Granted, I'm among the film's lowbrow target audience, but even people who can only take Sandler in small doses should be surprised at how oddly touching Nights is. However, it would have been a lot better if Sandler didn't provide the voices for the film's three main characters. One of them is so annoying that you'll want to grab the closest living organism to you and shake it until it stops moving. Other than that (and enough product placement to fund 33 movies), Nights is packed full of funny songs, gags revolving mostly around feces, and... well, that's about it. But that's all some people need.

            Traditionally animated (think boring Don Bluth-style), Nights opens on the first night of Chanukah, where we see Davey Stone (voiced by Sandler) running out on a bill at a Chinese restaurant in dumpy Dukesberry. Stone, we are told by the narrator (Rob Schneider), is the town asshole. Nobody likes him, and he returns their unfriendly sentiments, usually via the extension of his middle finger. Davey is also a Jew, but I guess we're supposed to assume people hate him because he's a dick, not because they're all small-town anti-Semites.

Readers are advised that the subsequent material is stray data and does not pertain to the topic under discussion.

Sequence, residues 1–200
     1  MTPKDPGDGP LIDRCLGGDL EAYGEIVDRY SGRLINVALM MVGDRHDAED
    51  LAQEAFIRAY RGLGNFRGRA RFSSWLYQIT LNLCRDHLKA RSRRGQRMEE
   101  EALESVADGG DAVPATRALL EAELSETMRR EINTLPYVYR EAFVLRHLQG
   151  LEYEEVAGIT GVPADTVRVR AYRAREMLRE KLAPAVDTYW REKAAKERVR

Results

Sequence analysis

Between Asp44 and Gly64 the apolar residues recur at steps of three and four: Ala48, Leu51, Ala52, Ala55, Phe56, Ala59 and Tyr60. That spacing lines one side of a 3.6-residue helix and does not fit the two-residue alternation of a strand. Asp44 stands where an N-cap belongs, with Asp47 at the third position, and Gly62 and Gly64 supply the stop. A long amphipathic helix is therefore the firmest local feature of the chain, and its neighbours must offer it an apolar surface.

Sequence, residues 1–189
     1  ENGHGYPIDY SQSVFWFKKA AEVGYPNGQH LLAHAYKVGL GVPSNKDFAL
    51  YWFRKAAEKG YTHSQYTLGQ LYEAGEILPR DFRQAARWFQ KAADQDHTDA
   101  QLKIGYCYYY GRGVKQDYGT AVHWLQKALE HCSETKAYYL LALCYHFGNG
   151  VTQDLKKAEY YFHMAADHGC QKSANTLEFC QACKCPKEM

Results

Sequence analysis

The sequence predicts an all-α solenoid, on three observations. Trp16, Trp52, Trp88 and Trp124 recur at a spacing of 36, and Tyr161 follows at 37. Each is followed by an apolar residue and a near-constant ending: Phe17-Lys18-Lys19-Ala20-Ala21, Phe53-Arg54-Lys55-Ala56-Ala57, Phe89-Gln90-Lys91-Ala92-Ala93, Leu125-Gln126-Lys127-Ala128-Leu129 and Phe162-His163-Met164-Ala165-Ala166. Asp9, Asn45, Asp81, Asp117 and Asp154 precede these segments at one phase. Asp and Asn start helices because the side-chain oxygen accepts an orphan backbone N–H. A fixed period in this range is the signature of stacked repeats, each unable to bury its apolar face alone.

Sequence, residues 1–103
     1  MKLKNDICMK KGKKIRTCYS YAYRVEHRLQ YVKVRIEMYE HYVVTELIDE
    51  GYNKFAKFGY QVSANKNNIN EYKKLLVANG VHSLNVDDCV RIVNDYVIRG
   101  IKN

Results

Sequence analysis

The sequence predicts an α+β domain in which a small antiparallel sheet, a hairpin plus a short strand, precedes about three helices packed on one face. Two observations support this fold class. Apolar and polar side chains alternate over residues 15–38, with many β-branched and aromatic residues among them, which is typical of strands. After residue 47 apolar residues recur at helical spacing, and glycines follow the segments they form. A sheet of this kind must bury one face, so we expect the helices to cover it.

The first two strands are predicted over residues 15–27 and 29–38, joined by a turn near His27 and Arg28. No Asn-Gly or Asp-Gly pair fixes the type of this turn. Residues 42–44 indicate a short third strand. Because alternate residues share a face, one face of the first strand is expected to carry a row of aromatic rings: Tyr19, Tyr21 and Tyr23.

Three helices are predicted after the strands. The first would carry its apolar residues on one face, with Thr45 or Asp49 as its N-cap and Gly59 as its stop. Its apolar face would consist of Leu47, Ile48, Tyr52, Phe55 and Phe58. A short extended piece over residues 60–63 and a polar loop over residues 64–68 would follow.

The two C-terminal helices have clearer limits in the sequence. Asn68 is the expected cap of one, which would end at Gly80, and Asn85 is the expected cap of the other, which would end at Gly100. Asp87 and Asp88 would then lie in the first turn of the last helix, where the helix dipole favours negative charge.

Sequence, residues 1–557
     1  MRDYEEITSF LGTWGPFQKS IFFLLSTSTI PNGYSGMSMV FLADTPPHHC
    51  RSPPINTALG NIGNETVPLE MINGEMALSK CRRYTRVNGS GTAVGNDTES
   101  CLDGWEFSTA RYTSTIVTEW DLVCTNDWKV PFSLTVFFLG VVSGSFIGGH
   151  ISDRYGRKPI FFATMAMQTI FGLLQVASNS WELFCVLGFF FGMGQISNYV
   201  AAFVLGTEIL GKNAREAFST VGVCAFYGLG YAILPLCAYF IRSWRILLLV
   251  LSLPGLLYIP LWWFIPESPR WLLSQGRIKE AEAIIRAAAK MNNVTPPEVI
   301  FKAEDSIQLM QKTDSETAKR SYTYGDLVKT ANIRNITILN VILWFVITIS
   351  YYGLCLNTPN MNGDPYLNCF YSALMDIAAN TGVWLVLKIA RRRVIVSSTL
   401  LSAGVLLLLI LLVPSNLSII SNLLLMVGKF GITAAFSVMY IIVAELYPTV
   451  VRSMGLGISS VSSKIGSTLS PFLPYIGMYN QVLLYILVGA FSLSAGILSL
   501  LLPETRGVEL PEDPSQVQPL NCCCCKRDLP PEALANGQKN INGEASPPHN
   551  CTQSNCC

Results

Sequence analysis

After the restaurant dine-and-dash, Davey is nabbed by the cops and dragged into court, where he's given a choice --- do a dime in the pokey, or assist an 80-year-old rec-league basketball ref named Whitey Duvall (also Sandler). Davey chooses the latter, yet still continues to act like a douche to everyone around him --- even Whitey and his twin sister, Eleanore (Sander, again), who has diabetes and looks like Little Enid from Daniel Clowes' Ghost World comics. Eventually, Davey begins to soften --- right around the same time we learn why he's such a dink.